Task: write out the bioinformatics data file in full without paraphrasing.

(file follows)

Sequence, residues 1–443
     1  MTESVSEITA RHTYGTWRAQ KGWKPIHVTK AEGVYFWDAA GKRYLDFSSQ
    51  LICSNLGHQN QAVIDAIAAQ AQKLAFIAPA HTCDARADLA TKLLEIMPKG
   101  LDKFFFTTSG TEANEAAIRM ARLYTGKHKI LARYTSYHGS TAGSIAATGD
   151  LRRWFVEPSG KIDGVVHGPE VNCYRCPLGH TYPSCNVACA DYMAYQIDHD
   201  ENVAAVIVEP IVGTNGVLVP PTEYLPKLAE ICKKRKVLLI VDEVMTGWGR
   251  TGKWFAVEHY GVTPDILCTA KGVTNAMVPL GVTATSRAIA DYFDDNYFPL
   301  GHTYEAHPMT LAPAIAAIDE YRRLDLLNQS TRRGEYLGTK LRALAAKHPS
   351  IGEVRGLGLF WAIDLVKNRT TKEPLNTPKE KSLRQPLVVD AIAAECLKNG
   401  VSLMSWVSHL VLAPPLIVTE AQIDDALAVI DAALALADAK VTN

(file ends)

Sequence, residues 1–443
     1  MTESVSEITA RHTYGTWRAQ KGWKPIHVTK AEGVYFWDAA GKRYLDFSSQ
    51  LICSNLGHQN QAVIDAIAAQ AQKLAFIAPA HTCDARADLA TKLLEIMPKG
   101  LDKFFFTTSG TEANEAAIRM ARLYTGKHKI LARYTSYHGS TAGSIAATGD
   151  LRRWFVEPSG KIDGVVHGPE VNCYRCPLGH TYPSCNVACA DYMAYQIDHD
   201  ENVAAVIVEP IVGTNGVLVP PTEYLPKLAE ICKKRKVLLI VDEVMTGWGR
   251  TGKWFAVEHY GVTPDILCTA KGVTNAMVPL GVTATSRAIA DYFDDNYFPL
   301  GHTYEAHPMT LAPAIAAIDE YRRLDLLNQS TRRGEYLGTK LRALAAKHPS
   351  IGEVRGLGLF WAIDLVKNRT TKEPLNTPKE KSLRQPLVVD AIAAECLKNG
   401  VSLMSWVSHL VLAPPLIVTE AQIDDALAVI DAALALADAK VTN